The Best Mobility Stretches & Exercises for Seniors

As we age, the importance of keeping the muscles and joints healthy on grows.

Aging is one of the key contributors to common injuries and quality-of-life factors. It is tied into joint injury and independent mobility in important ways: if you want to live well, you have to master aging well.

We’re going to discuss the real problems that we will all face as we age, and provide advice on how to age better and keep yourself healthy. If you want to stay mobile and pain-free, read on!

What are the Risks and Needs for Seniors?

As we age, the muscles and bones become weaker, the tendons lose their stiffness, and the joints deteriorate from wear and tear. No matter how well you look after yourself, this is coming for us all.

What you want to do is prolong the healthy, happy, independent times of your life. This is all about managing your risk and giving your body the best chance of staying healthy and functional for as long as possible.

There are a few important risks and contributors:

  • Bone weakness
  • Tendon laxity
  • Loss of muscle/strength/power
  • Postural changes/muscle tightness
  • Reduced motor control and body-awareness

Bone Weakness

As you age, the minerals that make up your bones are slowly washed out, leaving the bones weaker and weaker. This contributes to everything from reduced mobility to an increased risk of broken bones. This is a serious problem as it reduces independent mobility and the ability to exercise – making fractures even more likely.

Getting out of this vicious cycle of fractures and immobility and more fractures is key. If we can prevent or address these problems, it’s possible to save years or decades of discomfort and suffering. If you’re healthy enough to exercise now, you can start preventing these problems years in advance.

Tendon Laxity

You probably don’t think about your tendons until they’re already a problem. However, they degrade in the same way that muscles and bones do.

The stiffness of a tendon is key. They’re tough, elastic tissues that absorb some shock and allow you to move. They ensure that your muscles can actually move your bones so, when they become lax as you age, they compound the risk of losing the ability to move independently.

Very few things will change your quality of life like struggling to stand or walk without help. Tendons are a huge part of this, as well as being a huge player in long-term joint health. Strengthening the tendons is crucial to keeping yourself strong, healthy, and mobile.

Loss of Muscle/Strength/Power

This is a common problem we all know about. As we get older, the ability to develop and maintain muscle, strength and power declines.

This is linked to everything from difficulty moving to changes in metabolism and an increased risk of falls and fractures. In simple terms, this is the loss of control and strength in the body, which are crucial for more than lifting weights or looking good!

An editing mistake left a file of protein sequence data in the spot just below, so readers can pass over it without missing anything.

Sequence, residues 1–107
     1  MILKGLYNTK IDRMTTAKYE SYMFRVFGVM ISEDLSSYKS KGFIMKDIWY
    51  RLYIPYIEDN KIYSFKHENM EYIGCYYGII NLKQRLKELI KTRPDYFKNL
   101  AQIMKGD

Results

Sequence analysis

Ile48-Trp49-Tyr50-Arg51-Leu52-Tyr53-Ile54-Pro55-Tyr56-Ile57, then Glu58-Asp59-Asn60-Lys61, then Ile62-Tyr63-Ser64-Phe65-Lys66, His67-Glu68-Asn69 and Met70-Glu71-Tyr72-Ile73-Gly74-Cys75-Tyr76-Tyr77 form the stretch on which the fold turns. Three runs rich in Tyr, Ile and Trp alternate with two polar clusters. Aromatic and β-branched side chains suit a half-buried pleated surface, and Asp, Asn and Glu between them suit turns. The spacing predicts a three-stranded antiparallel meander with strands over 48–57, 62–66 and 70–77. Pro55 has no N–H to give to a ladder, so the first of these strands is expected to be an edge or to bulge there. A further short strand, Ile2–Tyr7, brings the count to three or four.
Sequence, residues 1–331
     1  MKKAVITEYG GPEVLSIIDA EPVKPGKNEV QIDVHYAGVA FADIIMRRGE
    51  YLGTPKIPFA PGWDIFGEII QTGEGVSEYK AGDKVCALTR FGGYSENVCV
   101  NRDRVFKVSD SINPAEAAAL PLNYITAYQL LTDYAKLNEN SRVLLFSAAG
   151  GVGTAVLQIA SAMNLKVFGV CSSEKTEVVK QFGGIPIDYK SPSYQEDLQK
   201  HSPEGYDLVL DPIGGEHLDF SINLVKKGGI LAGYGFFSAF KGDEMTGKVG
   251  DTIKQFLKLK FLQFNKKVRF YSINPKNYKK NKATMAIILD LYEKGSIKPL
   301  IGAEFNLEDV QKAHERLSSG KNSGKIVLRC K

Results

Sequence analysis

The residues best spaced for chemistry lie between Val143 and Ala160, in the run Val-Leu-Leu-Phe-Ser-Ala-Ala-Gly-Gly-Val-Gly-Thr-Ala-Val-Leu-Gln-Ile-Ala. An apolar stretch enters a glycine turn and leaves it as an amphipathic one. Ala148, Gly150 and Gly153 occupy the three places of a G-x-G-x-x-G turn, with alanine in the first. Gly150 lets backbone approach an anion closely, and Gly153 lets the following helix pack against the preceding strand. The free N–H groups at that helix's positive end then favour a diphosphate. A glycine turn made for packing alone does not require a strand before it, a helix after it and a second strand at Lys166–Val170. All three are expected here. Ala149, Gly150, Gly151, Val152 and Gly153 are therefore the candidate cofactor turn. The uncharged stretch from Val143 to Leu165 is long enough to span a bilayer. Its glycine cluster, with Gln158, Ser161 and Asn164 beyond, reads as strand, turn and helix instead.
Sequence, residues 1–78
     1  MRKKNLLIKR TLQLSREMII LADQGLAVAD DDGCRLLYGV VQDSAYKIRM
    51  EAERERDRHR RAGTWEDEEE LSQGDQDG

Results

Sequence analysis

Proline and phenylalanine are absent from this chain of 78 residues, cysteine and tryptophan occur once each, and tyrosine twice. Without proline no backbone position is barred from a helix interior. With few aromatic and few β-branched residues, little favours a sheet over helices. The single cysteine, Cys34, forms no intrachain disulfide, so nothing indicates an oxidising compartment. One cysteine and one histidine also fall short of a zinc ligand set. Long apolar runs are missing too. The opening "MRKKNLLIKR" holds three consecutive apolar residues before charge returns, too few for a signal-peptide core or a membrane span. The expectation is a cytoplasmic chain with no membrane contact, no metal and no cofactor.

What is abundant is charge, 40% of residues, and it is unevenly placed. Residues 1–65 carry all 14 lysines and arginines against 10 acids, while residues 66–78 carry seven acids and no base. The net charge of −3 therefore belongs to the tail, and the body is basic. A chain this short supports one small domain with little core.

Strength and power are key for everything you do with your body. Sarcopenia (the scientific name for this decline in muscle and strength) is a key factor in everything from obesity to fall-risk in the elderly. Protecting yourself from this process is one of the easiest ways to improve your overall health.

Postural Changes/Muscle Tightness

Weak muscles aren’t always loose. Sometimes they’re tight to protect themselves from over-stretching and being too weak to control the joint. Short-locked muscles are weak and they can cause serious problems.

The loss of strength can bring about muscle-tightness as a form of protection. This is over-compensation to protect the muscles, but it puts the joints at risk. Excessive tightness can put you into awful posture – a risk factor for long-term immobility and problems like hunching.

We tend to see these problems around the most injury-prone joints: the shoulders, neck and lower back. They also play a part in the huge amount of knee and hip surgeries that elderly individuals need. A total knee replacement or hip replacement are both huge surgeries with complications and long-term life impact.

Avoiding these problems will mean a reduced risk of infection, hospitalisation and difficulty in everyday tasks. It’s important to remember that healthy aging isn’t just about what will happen decades from now, but the person you will be in a year or two. It’s about your long-term trajectory, and for how long you can continue doing the things you love. Healthy aging isn’t just for the aged.

Reduced Control and Awareness

Linked to the loss of muscle mass, reduced control over your body and awareness of your limbs is actually a huge problem.

Some research even suggests that this is a cause for a loss of muscle mass in some people. Losing control of the muscles is one of the key factors in the struggle to stay mobile into old age. Being aware of this risk is important because it allows us to target the problem and combat it before it becomes a risk.

The science tells us that strength alone isn’t enough to protect us from injury. It’s necessary, but it also needs to be paired with effective control and movement to keep you safe for the long-term.

Mobility Exercises for Seniors

Mobility exercises are aimed at improving the flexibility of muscles and the range of joints. They also focus on improving control over these structures and better-protecting the joints from injury.

They aim to make you more comfortable in challenging positions, improve the amount of “safe” range in each of the joints and improve your overall comfort in positions that you’re currently struggling with.

Why is Mobility Important?

Proper mobility is a key factor in improving posture and regaining control over the muscles. Control, strength, and mobility are related – they’re not competing changes!

By improving the mobility in the quads, for example, you can regain control over the hips and reduce your risk of lower back injury. This is one example, but the same applies in the shoulder: too much tightness on either side of the joint drastically increases your risk of inhibition, pain and injury.

Stretches and Exercises for Improved Mobility

  • Knees

The two key muscle groups attached to the knee are the quads and the hamstrings, but the glutes are also attached by a long ban of tendon called the IT band. To keep your knees healthy, you need to stretch and exercise these tissues.